Reviewed by Becky Benoit
After being thoroughly engrossed in Philippa Gregory’s The White Queen, I couldn’t resist the next book in Gregory’s Cousins’ War series, The Red Queen.
Philippa, known as the first lady in historical fiction these days, can spin a fabulous yarn when it comes to the women of English history, as many readers know from her gripping novelizations of the Tudor wives. I was curious about how she was going to portray the “Red Queen” herself, Margaret Beaufort.
History paints a conflicting picture of Margaret Beaufort. By some accounts, she was a deeply religious woman who felt she was divinely inspired by God to put her son, Henry Tudor, on the throne, against all odds. By others, she was relentless grasping, scheming woman who became, in Gregory’s words, “the mother-in-law from hell.” I was curious to see how Gregory would reconcile these wildly differing accounts of the same person, using only the historical sources left available to us and her own vivid imagination.
As is usually the case with Gregory, I was not disappointed. The historian-turned-novelist has brought the dusty figure of Margaret to vivid life as a woman driven by religious fervor and a deep-seated thirst for power, and yet as flawed and imperfect as any other mortal.
As a direct descendant of the House of Lancaster, Margaret Beaufort has been raised from the cradle to be a woman of power. Her family traces its lineage to the king himself, and Margaret confidently expects that her children, if not king and queens themselves, will be royal dukes and duchesses at the right hand of the royal family.
But when King Henry, Margaret’s kinsman, is stricken with a strange mental illness which leaves him silent and earns him the nickname “the sleeping king”, suddenly the Lancastrian hold on the throne becomes tenuous. The rival House of York, seeing an advantage, pushes Henry from the throne and, after years of warfare, sends his wife, Queen Margaret of Anjou, fleeing to the safety of France. Now there’s a new king, Edward of York, on the throne, putting all of Margaret’s dreams of power and prestige at risk.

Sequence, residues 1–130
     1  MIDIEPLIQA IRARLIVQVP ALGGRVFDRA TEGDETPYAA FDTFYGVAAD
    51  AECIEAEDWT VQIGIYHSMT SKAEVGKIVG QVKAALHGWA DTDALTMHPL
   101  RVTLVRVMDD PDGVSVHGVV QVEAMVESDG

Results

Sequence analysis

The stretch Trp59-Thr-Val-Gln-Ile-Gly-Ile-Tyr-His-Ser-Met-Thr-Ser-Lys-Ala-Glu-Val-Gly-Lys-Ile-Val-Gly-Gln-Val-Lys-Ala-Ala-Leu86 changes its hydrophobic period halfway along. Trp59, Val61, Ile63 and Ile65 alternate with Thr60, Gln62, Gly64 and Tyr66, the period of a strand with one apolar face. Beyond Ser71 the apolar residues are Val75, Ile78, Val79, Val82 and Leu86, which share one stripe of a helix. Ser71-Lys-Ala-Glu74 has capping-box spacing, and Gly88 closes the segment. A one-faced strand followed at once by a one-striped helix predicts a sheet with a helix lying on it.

Married at only 12 to Edmund Tudor, head of the ruling family of Wales, Margaret gives birth to a son only to have her husband killed in the civil wars which have engulfed the country as the Yorks and the Lancasters battle for the throne. Though Margaret is far from devastated at the loss of a brutish husband she barely knew, she worries for the fate of her son, little Henry. Her year of mourning is barely over before she is remarried to Lord Stafford, a match she struggles to endure due to her new husband’s loyalty to the ascending York family.
Margaret is seized by what she sees as divine inspiration from God to put her own son, Henry Tudor, on the throne, and is infuriated by her new husband’s desire for peace above all, and stubborn loyalty to the Yorks.
Though she hates Edward of York, and his queen who is rumoured to be a caster of spells and notorious witch, Margaret will stop at nothing to advance her son’s cause, and in order to do this, she must work her way into the trusted circle of the new royal family. Methodically and patiently, she wins the trust of a king and queen, a family she secretly despises, until she is in the perfect position to hatch a scheme which will topple the Yorks for good and push her son into the place she has envisioned for him since the moment of his birth: the throne of England.
This book was every bit as satisfying as The White Queen. Gregory does a masterful job of bringing Margaret Beaufort to vivid life as a woman who believed she was divinely inspired, who would stop at nothing to achieve her political goals while conveniently seeing the workings of the divine in every action she undertook, no matter how cruel or underhanded. A riveting second installment in a series that will hook anyone who loves historical fiction with a strong female lead.